It seems that there is always a new study coming out touting the benefits of exercising at a specific time of day. Some studies have suggested morning workouts are best, while others say that exercising in late afternoon or evening is your best bet. But how much can we glean from these periodic studies? And more importantly, does the time of day during which you choose to exercise really make any difference in helping you achieve your fitness goals? Let's look at the science behind this debate.
Some scientists agree that late afternoon is the optimal time to exercise because of your body's circadian rhythms. Circadian rhythms control your body temperature, which is crucial to an effective workout. Circadian rhythms dictate that your body temperature is highest in the late afternoon, between 2 and 4 pm. Also, you're more alert in the afternoon and your muscle strength is at its highest. These translate into improved performance and a decreased risk of injury.
Others in the health field say exercising in the morning is best because you're revving your body's metabolism early and will feel more energetic throughout the day. Some studies do show that your body burns more fat when you exercise after fasting, which is generally only possible early in the morning. However, exercising on an empty stomach in the morning may be counter-productive because you cannot rely on carbohydrates for energy to fuel your workouts. This could translate into becoming fatigued sooner, failing to exercise as vigorously or for as long, and burning fewer calories overall when compared to exercising later in the day after you've eaten and your body is properly fueled. Plus, the slightly higher amount of fatty acid oxidation is so insignificant that it does not translate into a large number of extra calories burned (especially if you have to cut your exercise session short because you're too tired to finish).
Remember to take the results of periodic studies with a grain of salt. First of all, it's important to look at how the study was done. Take note of the number of participants involved and the methods used in the study. If the researchers studied only a small number of people, those results are less credible than a study involving hundreds or thousands of subjects. Additionally, the results of a study have to be able to be reproduced in order for them to have any credence. When looking at research, remember that it often takes years, even decades, of repeated research studies to establish concrete recommendations based on the results.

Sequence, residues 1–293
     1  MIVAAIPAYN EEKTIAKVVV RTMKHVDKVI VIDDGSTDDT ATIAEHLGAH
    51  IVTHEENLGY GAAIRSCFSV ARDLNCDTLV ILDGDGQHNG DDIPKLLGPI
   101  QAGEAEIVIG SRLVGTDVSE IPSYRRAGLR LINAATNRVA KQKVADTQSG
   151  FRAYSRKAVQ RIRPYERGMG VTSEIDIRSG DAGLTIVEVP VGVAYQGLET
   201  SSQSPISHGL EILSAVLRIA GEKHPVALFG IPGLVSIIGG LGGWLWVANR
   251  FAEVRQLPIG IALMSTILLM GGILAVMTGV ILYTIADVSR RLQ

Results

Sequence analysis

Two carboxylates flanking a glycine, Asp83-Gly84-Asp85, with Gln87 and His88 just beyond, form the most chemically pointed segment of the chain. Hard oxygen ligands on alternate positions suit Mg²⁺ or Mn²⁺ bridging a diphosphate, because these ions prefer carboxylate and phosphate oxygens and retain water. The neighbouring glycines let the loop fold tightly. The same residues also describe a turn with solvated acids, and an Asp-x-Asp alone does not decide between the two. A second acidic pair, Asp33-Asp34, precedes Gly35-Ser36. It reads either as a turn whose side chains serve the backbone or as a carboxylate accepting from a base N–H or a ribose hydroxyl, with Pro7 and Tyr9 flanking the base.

The bottom line: Exercise at whatever time of day you're most likely to do so consistently. If you are more likely to stick to an exercise regimen by making exercise a priority at the beginning of your day (before distractions and fatigue from the day's events prevent you from exercising at all), then commit to breaking a sweat in the morning. If evening works best with your schedule, stick to evening exercise. It's not important when you exercise--just make sure you are exercising regularly.
Kari Hartel, RD, LD is a Registered Dietitian and freelance writer based out of St. Louis, MO. Kari is passionate about nutrition education and the prevention of chronic disease through a healthy diet and active lifestyle. Kari holds a Bachelor of Science in Dietetics from Southeast Missouri State University and is committed to helping people lead healthy lives. She completed a yearlong dietetic internship at OSF St. Francis Medical Center in Peoria, IL, where she worked with a multitude of clients and patients with complicated diagnoses. She planned, marketed, and implemented nutrition education programs and cooking demonstrations for the general public as well as for special populations, including patients with cancer, heart disease, diabetes, Alzheimer's disease, obesity, and school-aged children. Contact Kari at KariHartelRD@gmail.com.